There are several options:
- Have your team build it. This is a great way to ensure a one-of-a-kind loyalty program, but like many development projects, it’s expensive and time-consuming. Creating a unique and complete loyalty program involves a lot of research time and, as you can imagine, a whole bunch of developing and testing.
- Hire an agency to develop your rewards program. The distinct benefit of using an agency is that it will save you a lot of time and allow you to focus on your core business. However, this particular route usually comes with the highest price tag.
- Go with a loyalty application. Find an app like Antavo Loyalty software, which is already built and runs automatically, saving your team time and monetary resources. Use the application asis or ask for custom developments based on your store and business model.
Ensuring that your rewards program is relevant is the key. It should be relevant to your goals. And the language and feel of the program should be relevant for your customers. Think about how new visitors come to your site and make sure the rewards program is a visible part of your pages. Finally, make sure you have a way to track customer activity in the loyalty program.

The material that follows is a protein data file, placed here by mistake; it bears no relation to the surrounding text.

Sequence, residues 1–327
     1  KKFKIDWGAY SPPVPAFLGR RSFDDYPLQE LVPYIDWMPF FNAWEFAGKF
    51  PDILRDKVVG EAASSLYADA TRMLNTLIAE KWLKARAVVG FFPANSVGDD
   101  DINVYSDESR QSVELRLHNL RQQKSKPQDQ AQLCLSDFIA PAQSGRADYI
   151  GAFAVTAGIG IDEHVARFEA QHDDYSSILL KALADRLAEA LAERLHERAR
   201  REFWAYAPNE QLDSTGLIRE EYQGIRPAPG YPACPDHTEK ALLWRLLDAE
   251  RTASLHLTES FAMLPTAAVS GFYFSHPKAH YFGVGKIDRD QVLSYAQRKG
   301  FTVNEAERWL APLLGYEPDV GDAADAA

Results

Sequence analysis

Loyalty is for the Longterm
A rewards program that gives points (or stars, or miles) for a multitude of actions, rather than purchase-only rewards, is more likely to hold customer attention in the long-run. Make sure targeted communication is a part of your rewards program and keep it fresh through the years. Our experience at Antavo Loyalty Software is that a good loyalty program can increase returning customers by 200%, as well as help you increase average basket value for a great ROI. So go ahead, start encouraging purchase completion for your first-time shoppers, rewarding medium frequency buyers, and showing each and every one of your customers that you truly appreciate their business!
Jessica Mizerak is Customer Loyalty Strategist at Antavo, a loyalty marketing software for ecommerce companies. Antavo can increase returning customers by 200% and has helped over 30,000 marketers increase customer engagement since 2011. In her spare time Jess enjoys painting teddy bears and reading about creative ad campaigns.